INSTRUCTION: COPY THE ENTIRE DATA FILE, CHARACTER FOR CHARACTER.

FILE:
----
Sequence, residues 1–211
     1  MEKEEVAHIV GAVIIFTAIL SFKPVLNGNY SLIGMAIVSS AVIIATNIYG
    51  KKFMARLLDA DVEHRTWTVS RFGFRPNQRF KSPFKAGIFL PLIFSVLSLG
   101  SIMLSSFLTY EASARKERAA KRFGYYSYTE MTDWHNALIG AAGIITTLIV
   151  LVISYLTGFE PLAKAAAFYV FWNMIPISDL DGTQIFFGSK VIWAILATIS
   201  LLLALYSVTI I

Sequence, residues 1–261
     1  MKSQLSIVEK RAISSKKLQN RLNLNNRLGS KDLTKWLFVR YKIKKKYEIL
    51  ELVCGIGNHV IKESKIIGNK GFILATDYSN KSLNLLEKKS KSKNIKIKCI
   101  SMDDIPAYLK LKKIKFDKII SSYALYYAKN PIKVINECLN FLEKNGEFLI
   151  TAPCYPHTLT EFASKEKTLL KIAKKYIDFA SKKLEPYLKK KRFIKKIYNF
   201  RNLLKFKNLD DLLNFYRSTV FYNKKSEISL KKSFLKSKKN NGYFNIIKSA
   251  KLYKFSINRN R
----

Sequence, residues 1–211
     1  MEKEEVAHIV GAVIIFTAIL SFKPVLNGNY SLIGMAIVSS AVIIATNIYG
    51  KKFMARLLDA DVEHRTWTVS RFGFRPNQRF KSPFKAGIFL PLIFSVLSLG
   101  SIMLSSFLTY EASARKERAA KRFGYYSYTE MTDWHNALIG AAGIITTLIV
   151  LVISYLTGFE PLAKAAAFYV FWNMIPISDL DGTQIFFGSK VIWAILATIS
   201  LLLALYSVTI I

Sequence, residues 1–261
     1  MKSQLSIVEK RAISSKKLQN RLNLNNRLGS KDLTKWLFVR YKIKKKYEIL
    51  ELVCGIGNHV IKESKIIGNK GFILATDYSN KSLNLLEKKS KSKNIKIKCI
   101  SMDDIPAYLK LKKIKFDKII SSYALYYAKN PIKVINECLN FLEKNGEFLI
   151  TAPCYPHTLT EFASKEKTLL KIAKKYIDFA SKKLEPYLKK KRFIKKIYNF
   201  RNLLKFKNLD DLLNFYRSTV FYNKKSEISL KKSFLKSKKN NGYFNIIKSA
   251  KLYKFSINRN R